The stars are boiling! The reason is the energy generated in the center of the star that wants to escape. If this does not happen quickly enough, the star starts to ‘boil’ in the outer layers causing vibrations that result in light variations, like in the Sun. Such oscillations have now been discovered by Victoria Antoci and collaborators using the NASA spacecraft Kepler, but in a much hotter star. The scientists publish this in the most recent issue of “Nature”.
NASA to Announce Kepler Discovery at Media Briefing
MOFFETT FIELD, Calif. -- NASA will host a news briefing at 11 a.m. PDT, Thursday, Sept. 15, to announce a new discovery by the Kepler mission. The briefing will be held ...at NASA’s Ames Research Center in Moffett Field, Calif. The event will be carried live on NASA Television and the agency’s website at http://www.nasa.gov/ntv.
Invisible World Discovered
Kepler planet discoveries: Kepler-19b, transits its star every 9 days and 7 hours. It orbits the star at a distance of 8.4 million miles, where it is heated to a temperature of about 900 degrees Fahrenheit. Kepler-19b has a diameter of 18,000 miles, making it slightly more than twice the size of Earth….
Kepler-19c—discovered because Kepler -19b alternately runs late and early in its orbit due to Kepler-19c tugging on it—could be a rocky planet on a circular 5-day orbit, or a gas-giant planet on an oblong 100-day orbit....
NASA’s Kepler Mission Announces Next Data Release to Public Archive
The next release of Kepler data to the public archive (quarter three science data collected from September to December 2009) will be available for download on Sept. 23, 2011 from the Multimission Archive at STScI (MAST).
The team recognizes a strong demand from the scientific community for Kepler data, as evidenced by the number of papers on exoplanet science as well as stellar astrophysics that have been published using Kepler data.
Alien World is Blacker than Coal
A Press Release from Harvard Smithsonian Center for Astrophysics in Cambridge, MA announcing that astronomers have discovered the darkest known exoplanet: Jupiter-sized gas giant known as TrES-2b that reflects less than one percent of the sunlight falling on it, making it blacker than coal or any planet or moon in our solar system.
Gemini Image Captures Elegant Beauty of Planetary Nebula Discovered by Amateur Astronomer
… the new nebula (named Kronberger 61, or Kn 61, after its discoverer) is within a relatively small patch of sky being intensely monitored by NASA’s Kepler planet finding mission. … professional and amateur astronomers are working as partners to comb through the entire Kepler field looking for planetary nebula candidates. To date six have been found including this one by Kronberger, a member of the amateur group called the “Deep Sky Hunters.” The group, dedicated to finding new objects in our galaxy and beyond, has found two planetary nebulae in the Kepler field so far (including Kn 61) and a possible third, which, according to Jacoby, “…are extremely rare and each, a valuable gem.” …“Planetary nebulae present a profound mystery” ….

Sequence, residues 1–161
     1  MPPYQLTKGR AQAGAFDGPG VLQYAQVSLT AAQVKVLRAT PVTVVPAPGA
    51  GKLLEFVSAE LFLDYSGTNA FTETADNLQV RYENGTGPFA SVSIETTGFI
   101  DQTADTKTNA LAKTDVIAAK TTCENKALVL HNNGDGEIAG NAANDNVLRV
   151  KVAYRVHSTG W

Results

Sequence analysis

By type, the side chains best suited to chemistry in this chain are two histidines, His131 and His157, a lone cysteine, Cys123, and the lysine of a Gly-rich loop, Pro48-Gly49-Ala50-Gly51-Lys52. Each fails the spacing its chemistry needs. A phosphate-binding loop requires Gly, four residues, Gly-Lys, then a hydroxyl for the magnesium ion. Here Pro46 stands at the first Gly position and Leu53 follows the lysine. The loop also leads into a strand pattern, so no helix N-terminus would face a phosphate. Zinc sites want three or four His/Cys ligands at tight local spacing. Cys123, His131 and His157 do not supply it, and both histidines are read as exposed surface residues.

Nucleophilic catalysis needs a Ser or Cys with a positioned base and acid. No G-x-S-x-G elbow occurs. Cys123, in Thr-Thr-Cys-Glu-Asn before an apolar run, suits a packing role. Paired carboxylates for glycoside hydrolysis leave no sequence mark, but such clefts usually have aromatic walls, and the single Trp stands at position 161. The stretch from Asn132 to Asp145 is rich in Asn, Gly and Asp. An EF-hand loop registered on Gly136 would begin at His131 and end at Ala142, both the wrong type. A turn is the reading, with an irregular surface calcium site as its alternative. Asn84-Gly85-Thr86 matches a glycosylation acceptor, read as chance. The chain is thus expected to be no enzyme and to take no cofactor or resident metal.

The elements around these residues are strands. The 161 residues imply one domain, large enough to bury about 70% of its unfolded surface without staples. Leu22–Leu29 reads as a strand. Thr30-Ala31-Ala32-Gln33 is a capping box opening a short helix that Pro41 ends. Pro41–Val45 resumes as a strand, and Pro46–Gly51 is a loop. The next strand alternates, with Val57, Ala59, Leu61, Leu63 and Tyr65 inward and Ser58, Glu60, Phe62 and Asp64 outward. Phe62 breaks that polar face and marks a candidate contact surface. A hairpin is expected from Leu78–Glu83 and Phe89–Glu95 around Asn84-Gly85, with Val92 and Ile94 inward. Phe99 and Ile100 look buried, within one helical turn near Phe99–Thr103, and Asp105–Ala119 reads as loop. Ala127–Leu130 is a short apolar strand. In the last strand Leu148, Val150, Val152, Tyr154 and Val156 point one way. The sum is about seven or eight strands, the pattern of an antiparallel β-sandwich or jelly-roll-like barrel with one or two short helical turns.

Kepler-14b, Supergiant, is orbiting one of the stars in a binary star system
Kepler-14b is a planet 8 times more massive than Jupiter, orbiting one of
the stars in a binary star system. The planet has a short orbital period of
just 7 days, while the two stars orbit each other with a much longer period
of about 2800 years. The light from the planet hosting star diluted by
its companion star significantly affects the derived
planetary parameters... and similar dilution effect could significantly affect the derived
planetary parameters of other planet discoveries.
Hubble Space Telescope's One Millionth Science Observation is of Kepler-2b
Monday, July 4, the NASA's Hubble Space Telescope logged its one millionth science observation — a search for water in an exoplanet's atmosphere 1,000 light-years away. Hubble's millionth exposure is of the planet HAT-P-7b, a gas giant planet larger than Jupiter orbiting a star hotter than our sun. HAT-P-7b, also known as Kepler 2b, has been studied by NASA's planet-hunting Kepler observatory after it was discovered by ground-based observations. Full Release at Hubblesite
NASA's Pleiades Supercomputer Ranks Among World's Fastest
The Pleiades supercomputer plays a crucial role in Kepler data analysis.
...Pleiades now contains 23,296 Intel(R) Xeon(R) quad- and hex-core processors (111,104 cores in 182 racks) that can run at a theoretical peak of approximately 1.32 quadrillion floating point operations, or calculations, per second. It achieved an official sustained rate of 1.09 petaflop per second....
NASA’s Kepler Yields the Next Harvest: A bounty of findings delivered at the 218th Meeting of the AAS in Boston